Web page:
Dealing with clients who make changes while the editor is working on the document

Posted by on Oct 9, 2018 in Blog | No Comments
Dealing with clients who make changes while the editor is working on the document

Having recently worked on a novel of pretty epic proportions, I was distraught to learn the author had been making his own changes while I was working on the document. The book had needed a thorough – almost ruthless – developmental edit.

While working through the manuscript, the writer emailed a set of changes he’d made using the original document and without highlighting his additions and amendments. I begged him to leave the manuscript alone. How could I discern what he had altered? I could not.

Having completed the edit to my satisfaction and setting aside his second set of changes for the time being, I realised with resignation I’d need to go through the book a second time. I set to, and discovered swiftly the timeline was botched: he’d moved chunks of text around so characters popped up when we hadn’t been introduced to them. We had leaves rustling underfoot in July because he’d decided to change the book’s order (the work is a fictional tale of the lead up to the first passenger train in the world, and uses the diary-entry device). He had inserted appearances when I’d fleshed out my own – contradictory – ones.

He’d fiddled with some of my changes: named rivers became lower-case r, when I’d ensured continuity (it’s part of my remit). There were many of these meddlesome changes.


Some emails I sent:

There are so many changes that make a nonsense of the surrounding text.

Please clarify that I am just using the file that has a list of your changes and that you haven’t changed anything else in the other file you sent.

I’m getting mighty confused by this.

Your page numbers on the checklist are different to mine, and I can’t find some of the changes you want me to make.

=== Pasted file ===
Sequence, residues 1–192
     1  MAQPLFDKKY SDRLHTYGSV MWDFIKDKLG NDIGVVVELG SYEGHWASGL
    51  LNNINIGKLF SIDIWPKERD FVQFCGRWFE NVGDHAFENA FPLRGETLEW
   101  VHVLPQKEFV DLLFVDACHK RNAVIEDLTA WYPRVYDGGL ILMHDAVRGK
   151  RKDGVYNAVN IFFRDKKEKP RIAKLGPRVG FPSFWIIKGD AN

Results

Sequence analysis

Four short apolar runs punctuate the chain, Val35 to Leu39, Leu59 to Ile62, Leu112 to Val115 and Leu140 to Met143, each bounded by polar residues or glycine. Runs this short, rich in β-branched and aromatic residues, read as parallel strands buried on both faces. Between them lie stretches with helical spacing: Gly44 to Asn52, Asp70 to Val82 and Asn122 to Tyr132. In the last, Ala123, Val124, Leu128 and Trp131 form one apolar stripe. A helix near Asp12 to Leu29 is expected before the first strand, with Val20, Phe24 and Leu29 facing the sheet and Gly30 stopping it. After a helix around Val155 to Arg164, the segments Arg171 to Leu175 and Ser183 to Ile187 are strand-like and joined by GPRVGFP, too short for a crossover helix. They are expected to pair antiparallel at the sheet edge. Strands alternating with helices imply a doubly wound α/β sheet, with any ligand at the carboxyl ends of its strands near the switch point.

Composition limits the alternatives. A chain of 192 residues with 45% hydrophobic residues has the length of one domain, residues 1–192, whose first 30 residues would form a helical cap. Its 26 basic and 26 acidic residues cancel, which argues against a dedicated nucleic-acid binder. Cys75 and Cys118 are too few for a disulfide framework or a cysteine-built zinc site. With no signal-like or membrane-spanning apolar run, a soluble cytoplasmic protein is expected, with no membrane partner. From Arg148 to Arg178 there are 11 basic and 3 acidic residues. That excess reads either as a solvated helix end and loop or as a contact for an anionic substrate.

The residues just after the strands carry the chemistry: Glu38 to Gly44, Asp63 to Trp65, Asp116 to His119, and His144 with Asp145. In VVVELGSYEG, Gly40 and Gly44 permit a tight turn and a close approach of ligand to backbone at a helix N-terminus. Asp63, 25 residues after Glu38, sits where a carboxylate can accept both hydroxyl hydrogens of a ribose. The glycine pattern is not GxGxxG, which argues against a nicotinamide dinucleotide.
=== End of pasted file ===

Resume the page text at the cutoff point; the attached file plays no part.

Plus, does the breaking of the bank REPLACE the February text???

These additions are proving extremely tricky and are taking a lot longer than I anticipated. It’s the same as when you added a slew of stuff a few months’ back.

I don’t have confidence in my edits any more, because the book has been fiddled around with so much. I’m used to editing the version that will be published.

You will need to read EVERY WORD very carefully. I’m really concerned about continuity due to your many changes over the past months.

When the word is unusual, it’s not difficult to locate that word, but when the instruction is ‘Page 29 – change producing to produced’, I’m sorry, I can’t locate which producing you mean.

I’m not sure how we can get around this, other than you going through my most recent changes, either accepting or deleting them and addressing my comments, and then USING TRACK CHANGES, changing the bits you want changing. Then I can have a very quick look through your newest changes.

Such a long process, and I have to say, I’ve never had a more interfering author in my life!

My nerves are in shreds with this book: you’ve changed it so often after I made sure it made sense, then deleted stuff you’d only just added, that I’m not at all confident the plot line is correct – or that characters aren’t answering thin air.


Some emails the author sent:

I’m not touching anything. There are 74 v important changes to make and every time I add sthg or remove sthg you seem to go up the if you dont want to do them and i dont want to touch them work will have to stop, grind to a halt, cease.

I don’t even know why you couldn’t have simply editted the book in the original word file it was in when I first sent you it and why you had to use a Mac and an editing program that’s far too sophisticated for sb like me to understand. I’m not the British Council, I don’t have big budgets and Mac computers.


After a tortuous second edit, I had many queries, which I’d highlighted in the text. By this stage, the author was adamant (and petulant) he would not alter anything further, so set up a crazed system of sending lists of emails with further changes (mostly going back to the way the text was after my first edit, so now the surrounding paragraphs made little sense). Because he uses a PC and I a Mac, his pagination was at odds with mine. He refused to touch the manuscript after my stern admonitions, demanding I find the word or phrase he wanted changing when it could not be located.

The writer realised he could no longer find the changes he’d so carefully listed for me to change.

I’m an editor. He an author. It’s up to him to discern.

He wanted a header.

He didn’t want a header.

He wanted leading at 1.5 per cent.

He demanded leading of 1.25 per cent.

The lesson? Always request proof the author will not work on the manuscript once you have made a start on it.